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    Southeast Asia
     Jul 29, '14


SPEAKING FREELY
Vietnam buckles under Chinese pressure
By Zachary Abuza

Speaking Freely is an Asia Times Online feature that allows guest writers to have their say. Please click here if you are interested in contributing.

Since China's July 16 withdrawal of its HYSY-981 oil exploration rig from waters claimed by Vietnam, tensions in the South China Sea have momentarily defused. But Beijing's months-long placement of the rig roughly 130 nautical miles from Vietnam's coast presented the most divisive threat in years to Hanoi's Communist Party leadership

Hanoi showed itself to be all but powerless to counter Beijing's maritime provocation. Diplomatically, China's actions fell just short enough to avoid any potential Association of Southeast Asian



Nation unified front against the rig's placement. The United States, likewise, did not get involved in a meaningful way. Indeed, China may have succeeded in convincing other South China Sea claimants that the US would be an unreliable ally in future disputes in the area.

But the greatest damage to Hanoi was that China's actions exposed a large rift among the senior echelons of the party over how to respond to Beijing's aggression. Vietnamese leaders were hoping for a diplomatic concession from China when Chinese State Councilor Yang Jiechi visited Vietnam on June 18-19.

The visit, however, was anything but conciliatory when he berated his hosts for "hyping up" the situation and said bluntly that China would "take all necessary measures" to protect the rig. During the visit, China deployed a second exploration rig into the contested waters.

At the time, Hanoi seemed ready for a fight. Prime Minister Nguyen Tan Dung made very clear that Vietnamese sovereignty was not for sale. "Vietnam has always wanted peace and friendship with China. However, we cannot trade our sacred independence and sovereignty for some elusive peace or any type of dependence."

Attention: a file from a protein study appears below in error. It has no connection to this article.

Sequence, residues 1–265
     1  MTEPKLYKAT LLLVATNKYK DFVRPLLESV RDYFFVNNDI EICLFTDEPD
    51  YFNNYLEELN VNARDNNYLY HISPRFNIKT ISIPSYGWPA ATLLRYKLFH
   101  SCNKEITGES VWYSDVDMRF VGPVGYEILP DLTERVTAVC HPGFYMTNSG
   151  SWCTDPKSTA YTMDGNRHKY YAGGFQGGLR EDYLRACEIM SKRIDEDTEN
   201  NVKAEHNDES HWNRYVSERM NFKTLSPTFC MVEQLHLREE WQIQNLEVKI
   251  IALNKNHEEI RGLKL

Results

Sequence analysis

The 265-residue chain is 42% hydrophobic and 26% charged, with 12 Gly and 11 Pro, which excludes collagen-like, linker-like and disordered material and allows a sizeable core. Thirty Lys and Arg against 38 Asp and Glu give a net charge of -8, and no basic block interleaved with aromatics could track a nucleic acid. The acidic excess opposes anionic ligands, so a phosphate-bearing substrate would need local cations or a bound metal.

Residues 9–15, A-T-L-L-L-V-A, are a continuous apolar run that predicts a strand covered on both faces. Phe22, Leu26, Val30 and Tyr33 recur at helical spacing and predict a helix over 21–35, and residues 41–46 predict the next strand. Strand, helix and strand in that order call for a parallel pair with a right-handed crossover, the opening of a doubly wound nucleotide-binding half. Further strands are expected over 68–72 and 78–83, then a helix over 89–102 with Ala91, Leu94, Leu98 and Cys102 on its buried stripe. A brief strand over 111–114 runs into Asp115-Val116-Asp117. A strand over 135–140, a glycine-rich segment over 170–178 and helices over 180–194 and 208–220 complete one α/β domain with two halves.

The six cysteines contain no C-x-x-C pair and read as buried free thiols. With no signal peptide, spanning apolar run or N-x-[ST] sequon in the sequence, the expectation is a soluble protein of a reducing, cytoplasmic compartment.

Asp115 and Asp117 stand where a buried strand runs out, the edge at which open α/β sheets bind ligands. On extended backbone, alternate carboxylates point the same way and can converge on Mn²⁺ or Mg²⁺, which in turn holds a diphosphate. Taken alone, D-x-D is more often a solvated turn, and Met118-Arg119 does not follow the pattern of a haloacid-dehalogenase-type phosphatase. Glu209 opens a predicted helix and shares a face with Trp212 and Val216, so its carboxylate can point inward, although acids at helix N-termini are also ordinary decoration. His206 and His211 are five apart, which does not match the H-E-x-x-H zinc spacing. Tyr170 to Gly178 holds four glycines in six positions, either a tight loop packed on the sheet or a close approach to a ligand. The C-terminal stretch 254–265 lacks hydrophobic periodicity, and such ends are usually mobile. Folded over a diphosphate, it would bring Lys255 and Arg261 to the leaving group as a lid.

Advocates of a more assertive foreign policy seemed to be carrying the day. A June 2014 meeting of the Vietnam Communist Party's Central Committee unanimously resolved to condemn Chinese aggression and encroachment.

Yang held meetings with Deputy Prime Minister and Foreign Minister Pham Binh Minh and Dung, as well as with Communist Party chief Nguyen Phu Trong. Minh and Dung reportedly maintained a less compromising approach. Not surprisingly, Trong was more conciliatory and focused on party-party ties and long-term relations.

Immediately following Yang's departure, the Politburo met to formulate a response. One group led by Dung and Nguyen Sinh Hung, the Chairman of the National Assembly who has been vociferous in his public calls for Vietnam to stand up to China, advocated a more hardline and confrontational approach. They argued that any concession to China would only encourage future aggression and advocated a multi-faceted strategy entailing:
  • The filing of a brief with the International Arbitration Commission, paralleling the submission by the Philippines in March 2014 that infuriated Beijing;
  • Proactive leadership within ASEAN to push for a binding Code of Conduct in the South China Sea;
  • Forging closer ties and coordination with the Philippines and Indonesia.
  • Engaging in more multilateral military exercises, including with the US, India, Indonesia and Japan;
  • Developing closer ties with the US and negotiating a more defined "comprehensive partnership";
  • Joining the US-led Trans Pacific Partnership (TPP) trade deal, necessitating major economic reforms and opening of closed or heavily regulated sectors of the Vietnamese economy, including state-owned enterprises;